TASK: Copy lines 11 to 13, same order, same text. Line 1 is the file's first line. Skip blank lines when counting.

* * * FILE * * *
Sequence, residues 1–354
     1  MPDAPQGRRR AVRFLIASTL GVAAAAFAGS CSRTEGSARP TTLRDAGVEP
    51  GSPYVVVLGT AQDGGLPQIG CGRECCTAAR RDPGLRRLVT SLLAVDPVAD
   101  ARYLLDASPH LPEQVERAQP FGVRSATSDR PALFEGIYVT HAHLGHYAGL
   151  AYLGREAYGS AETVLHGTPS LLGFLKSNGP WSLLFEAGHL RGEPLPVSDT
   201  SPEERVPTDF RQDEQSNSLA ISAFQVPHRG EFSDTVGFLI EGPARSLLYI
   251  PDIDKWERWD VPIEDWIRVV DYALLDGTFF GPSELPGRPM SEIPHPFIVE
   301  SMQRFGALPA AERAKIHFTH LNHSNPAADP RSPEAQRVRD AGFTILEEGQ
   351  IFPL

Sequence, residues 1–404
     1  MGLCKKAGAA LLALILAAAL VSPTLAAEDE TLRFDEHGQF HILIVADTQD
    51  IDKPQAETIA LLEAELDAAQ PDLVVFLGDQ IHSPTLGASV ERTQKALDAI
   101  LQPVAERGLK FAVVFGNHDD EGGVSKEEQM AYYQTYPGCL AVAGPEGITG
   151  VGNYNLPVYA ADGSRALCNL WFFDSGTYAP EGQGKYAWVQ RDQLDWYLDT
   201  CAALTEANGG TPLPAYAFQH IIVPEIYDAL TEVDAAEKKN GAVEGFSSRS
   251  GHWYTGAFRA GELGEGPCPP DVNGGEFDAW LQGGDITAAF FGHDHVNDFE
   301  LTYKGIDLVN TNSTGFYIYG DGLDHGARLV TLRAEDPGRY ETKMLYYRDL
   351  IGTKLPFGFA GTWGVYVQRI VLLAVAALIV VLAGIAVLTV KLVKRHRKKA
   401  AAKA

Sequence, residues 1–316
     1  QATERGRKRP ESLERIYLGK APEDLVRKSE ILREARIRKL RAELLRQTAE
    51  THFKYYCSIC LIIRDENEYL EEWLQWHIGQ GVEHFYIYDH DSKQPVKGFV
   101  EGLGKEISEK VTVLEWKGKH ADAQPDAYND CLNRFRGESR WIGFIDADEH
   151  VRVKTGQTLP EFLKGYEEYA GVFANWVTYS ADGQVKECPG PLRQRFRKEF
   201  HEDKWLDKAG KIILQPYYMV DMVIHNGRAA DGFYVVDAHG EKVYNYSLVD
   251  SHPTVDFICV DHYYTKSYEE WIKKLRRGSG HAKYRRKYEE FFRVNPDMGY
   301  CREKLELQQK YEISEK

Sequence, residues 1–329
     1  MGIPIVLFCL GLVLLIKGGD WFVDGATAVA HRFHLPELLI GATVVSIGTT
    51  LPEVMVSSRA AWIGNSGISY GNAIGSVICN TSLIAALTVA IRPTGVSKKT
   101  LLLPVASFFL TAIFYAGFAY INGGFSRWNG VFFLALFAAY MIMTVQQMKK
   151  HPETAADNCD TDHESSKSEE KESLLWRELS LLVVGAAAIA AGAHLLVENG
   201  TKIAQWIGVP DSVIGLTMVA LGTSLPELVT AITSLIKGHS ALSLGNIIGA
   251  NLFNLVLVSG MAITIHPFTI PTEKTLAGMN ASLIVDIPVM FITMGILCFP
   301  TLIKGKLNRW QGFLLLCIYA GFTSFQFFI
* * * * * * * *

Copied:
     1  MGLCKKAGAA LLALILAAAL VSPTLAAEDE TLRFDEHGQF HILIVADTQD
    51  IDKPQAETIA LLEAELDAAQ PDLVVFLGDQ IHSPTLGASV ERTQKALDAI
   101  LQPVAERGLK FAVVFGNHDD EGGVSKEEQM AYYQTYPGCL AVAGPEGITG